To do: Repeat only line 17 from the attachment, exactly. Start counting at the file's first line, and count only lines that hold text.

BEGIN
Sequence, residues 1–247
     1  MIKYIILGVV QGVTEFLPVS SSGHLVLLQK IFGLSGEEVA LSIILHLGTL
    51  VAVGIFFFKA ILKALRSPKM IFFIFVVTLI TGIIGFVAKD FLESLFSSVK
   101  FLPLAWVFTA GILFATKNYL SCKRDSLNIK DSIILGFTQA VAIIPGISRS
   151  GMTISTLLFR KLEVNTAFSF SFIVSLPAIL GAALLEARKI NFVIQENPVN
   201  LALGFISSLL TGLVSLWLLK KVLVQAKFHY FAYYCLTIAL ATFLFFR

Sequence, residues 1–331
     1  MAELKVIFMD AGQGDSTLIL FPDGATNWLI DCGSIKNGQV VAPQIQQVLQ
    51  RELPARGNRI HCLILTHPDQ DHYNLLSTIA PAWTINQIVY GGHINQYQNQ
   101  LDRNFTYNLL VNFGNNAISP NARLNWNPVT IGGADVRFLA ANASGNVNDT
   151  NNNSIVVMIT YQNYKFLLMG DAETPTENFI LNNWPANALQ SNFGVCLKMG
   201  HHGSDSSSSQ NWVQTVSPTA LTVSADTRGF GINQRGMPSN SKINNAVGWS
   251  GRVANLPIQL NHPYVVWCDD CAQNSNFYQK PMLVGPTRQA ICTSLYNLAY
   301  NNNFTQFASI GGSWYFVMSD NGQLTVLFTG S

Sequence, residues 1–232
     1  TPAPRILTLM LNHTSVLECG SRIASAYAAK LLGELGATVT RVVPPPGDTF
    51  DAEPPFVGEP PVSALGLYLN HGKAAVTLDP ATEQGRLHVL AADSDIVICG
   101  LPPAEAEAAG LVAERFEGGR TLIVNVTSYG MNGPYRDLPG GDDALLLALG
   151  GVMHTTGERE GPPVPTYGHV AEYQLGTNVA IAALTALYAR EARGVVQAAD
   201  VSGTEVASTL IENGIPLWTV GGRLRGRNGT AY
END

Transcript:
    51  DAEPPFVGEP PVSALGLYLN HGKAAVTLDP ATEQGRLHVL AADSDIVICG